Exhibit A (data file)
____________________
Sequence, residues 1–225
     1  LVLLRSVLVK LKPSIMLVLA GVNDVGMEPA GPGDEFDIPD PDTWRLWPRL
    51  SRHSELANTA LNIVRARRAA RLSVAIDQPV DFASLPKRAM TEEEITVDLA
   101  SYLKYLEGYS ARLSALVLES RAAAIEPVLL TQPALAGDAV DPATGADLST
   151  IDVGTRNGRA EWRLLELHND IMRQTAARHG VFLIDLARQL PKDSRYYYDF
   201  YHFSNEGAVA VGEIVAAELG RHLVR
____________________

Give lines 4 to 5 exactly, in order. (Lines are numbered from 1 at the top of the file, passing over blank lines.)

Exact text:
   101  SYLKYLEGYS ARLSALVLES RAAAIEPVLL TQPALAGDAV DPATGADLST
   151  IDVGTRNGRA EWRLLELHND IMRQTAARHG VFLIDLARQL PKDSRYYYDF